We are thrilled to introduce the recipients of ARSP Interpretive Scholarship Grants. These scholars, from the disciplines of religious studies, ethnomusicology, and folklore, have each received a $10,000 award to allow them to complete research projects dealing with the intersection of religion and sound. (Read the complete RFP for these awards)
Rose Aslan, PhD, is an Assistant Professor of Global Islam in the Department of Religion at California Lutheran University. She teaches courses on Islam and the Abrahamic traditions in comparative focus. She is an interreligious activist as well as a scholar of Islam and religious studies. Her project for ARSP complements her forthcoming monograph, Muslim Prayer in American Public Life (Oxford University Press). Her book examines how US Muslims adapt their prayer practices in public settings, how they navigate the issue of religious accommodations in schools, universities, and the workplace, and how prayer is understood and depicted by the media and entertainment industry. Her research focuses on the study of the material culture of religion, intersecting around ritual, sacred space, and embodiment among various Muslim communities.
Leonard Norman Primiano, PhD, is Professor in the Department of Religious Studies, Cabrini University, Radnor, PA. He is currently series editor for the upcoming six volume Cultural History of Religion in the West (Bloomsbury). A Fellow of the American Folklore Society, he is the co-convener of that Society’s Folk Belief and Religious Folklife Section. He is also co-chair of the Folklore and Religion Seminar of the American Academy of Religion. Primiano earned a dual doctorate in religious studies and folklore and folklife from the University of Pennsylvania, and a Master of Theological Studies from the Harvard Divinity School. Through the varieties of sound emanating from Father Divine’s International Peace Mission Movement, his grant project is an aural ethnography of an American indigenous intentional communitarian celibate utopian inter-racial religion whose followers believe their leader is God.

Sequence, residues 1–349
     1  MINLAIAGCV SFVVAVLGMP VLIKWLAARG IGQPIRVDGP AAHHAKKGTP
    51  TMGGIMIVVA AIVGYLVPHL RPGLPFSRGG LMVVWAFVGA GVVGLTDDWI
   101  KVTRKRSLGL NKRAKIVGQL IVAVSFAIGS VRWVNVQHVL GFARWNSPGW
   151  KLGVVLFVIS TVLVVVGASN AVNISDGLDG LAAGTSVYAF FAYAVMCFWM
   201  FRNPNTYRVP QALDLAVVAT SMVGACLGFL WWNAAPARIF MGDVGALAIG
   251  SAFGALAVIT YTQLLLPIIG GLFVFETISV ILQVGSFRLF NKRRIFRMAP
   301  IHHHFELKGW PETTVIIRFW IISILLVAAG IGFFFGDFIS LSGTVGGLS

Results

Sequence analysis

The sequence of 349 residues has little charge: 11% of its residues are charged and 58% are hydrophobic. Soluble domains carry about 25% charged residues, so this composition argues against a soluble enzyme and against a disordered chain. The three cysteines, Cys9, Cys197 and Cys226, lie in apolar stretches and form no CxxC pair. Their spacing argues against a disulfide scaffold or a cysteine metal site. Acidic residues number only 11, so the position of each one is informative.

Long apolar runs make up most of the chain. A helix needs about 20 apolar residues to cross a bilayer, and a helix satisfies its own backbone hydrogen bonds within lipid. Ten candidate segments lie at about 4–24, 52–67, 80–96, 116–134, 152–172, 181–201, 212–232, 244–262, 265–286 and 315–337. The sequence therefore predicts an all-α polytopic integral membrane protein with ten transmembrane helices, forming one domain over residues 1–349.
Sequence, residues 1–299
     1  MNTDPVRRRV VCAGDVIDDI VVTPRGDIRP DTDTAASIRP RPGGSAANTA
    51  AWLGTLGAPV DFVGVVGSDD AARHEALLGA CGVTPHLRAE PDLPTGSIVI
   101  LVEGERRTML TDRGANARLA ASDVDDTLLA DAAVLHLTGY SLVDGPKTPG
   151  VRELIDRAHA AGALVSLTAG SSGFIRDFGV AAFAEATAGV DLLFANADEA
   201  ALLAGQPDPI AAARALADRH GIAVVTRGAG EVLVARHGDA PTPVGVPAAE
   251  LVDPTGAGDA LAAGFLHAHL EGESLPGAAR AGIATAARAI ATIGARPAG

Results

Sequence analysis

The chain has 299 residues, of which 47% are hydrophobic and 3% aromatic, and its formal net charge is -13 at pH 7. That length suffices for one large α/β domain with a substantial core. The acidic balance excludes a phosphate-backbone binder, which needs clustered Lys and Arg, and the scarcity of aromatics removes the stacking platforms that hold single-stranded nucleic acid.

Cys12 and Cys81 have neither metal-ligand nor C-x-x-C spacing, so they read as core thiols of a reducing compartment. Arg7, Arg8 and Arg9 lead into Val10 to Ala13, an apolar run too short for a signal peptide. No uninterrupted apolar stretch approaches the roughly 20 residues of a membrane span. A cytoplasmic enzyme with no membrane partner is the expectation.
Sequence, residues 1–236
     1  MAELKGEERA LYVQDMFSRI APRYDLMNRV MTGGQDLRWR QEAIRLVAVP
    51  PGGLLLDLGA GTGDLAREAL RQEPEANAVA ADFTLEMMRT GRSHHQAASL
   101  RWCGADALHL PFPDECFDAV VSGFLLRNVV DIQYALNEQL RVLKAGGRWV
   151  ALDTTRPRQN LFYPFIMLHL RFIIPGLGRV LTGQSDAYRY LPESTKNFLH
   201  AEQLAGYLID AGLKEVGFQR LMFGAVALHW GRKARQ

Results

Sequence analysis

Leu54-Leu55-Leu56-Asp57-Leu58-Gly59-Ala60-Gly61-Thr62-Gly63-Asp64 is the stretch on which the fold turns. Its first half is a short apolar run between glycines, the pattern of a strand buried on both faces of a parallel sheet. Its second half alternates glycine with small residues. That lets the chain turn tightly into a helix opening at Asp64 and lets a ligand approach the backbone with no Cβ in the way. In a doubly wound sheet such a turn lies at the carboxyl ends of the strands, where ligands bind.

Daniel Ramírez, PhD, is Associate Professor of American Religions at Claremont Graduate University. He is author of over 18 publications. His book, Migrating Faith: Pentecostalism in the United States and Mexico in the Twentieth Century (University of North Carolina, October 2015), excavates the deep musical archive of borderlands Pentecostalism, and was selected by the Society for Pentecostal Studies for the 2017 Pneuma Book of the Year award. Ramírez’s current monograph project, "Pentecostalisms of Oaxacalifornia," continues the analysis of subaltern Pentecostal history and culture through the more contemporary time period of oaxaqueño migration and through the added prism of indigenous experience, musical culture, and sonic contexts. Another project,"Alabaré a Mi Señor," will offer a comparative study of Latino and Latin American sacred musics: from Catholic to Mainline Protestant to Pentecostal to Contemporary. Dr. Ramírez is a member of several academic associations, including the Network of Religion Researchers of Mexico, the Commission for the Study of the History of the Church in Latin America, and the American Academy of Religion. He is the president-elect of the Society for Church History. His ARSP project will investigate and curate an archive of Latino and Indigenous sounds and musics emanating from the world of Pentecostal and pneumatic Christianity in relation to and in tension with overlapping worlds of historic (Mainline) and popular Catholic traditions.
Carolyn Ramzy, PhD, is an associate professor of music at Carleton University. Her research focuses on Egyptian Christian popular music in Egypt and a quickly growing diaspora community in the U.S. and Canada. Specifically, she examines the discursive politics of the community’s religious pop songs in the lives of Coptic Orthodox women. Her current projects investigate how popular religious songs shape, contest, or reinscribe Coptic women’s subjectivities in popular and religious movements. She also examines how the songs’ gendered motifs reconfigure commentary about Coptic national belonging within Egypt’s changing political topography following the Arab Spring, and how the songs change in their new transnational contexts as Copts increasingly migrate abroad. Her grant project traces a burgeoning movement of female cantors in the Coptic Orthodox community - prohibited from participating as soloists in the Orthodox liturgy - who are contesting their exclusion, recording themselves singing liturgical hymns and sharing them online.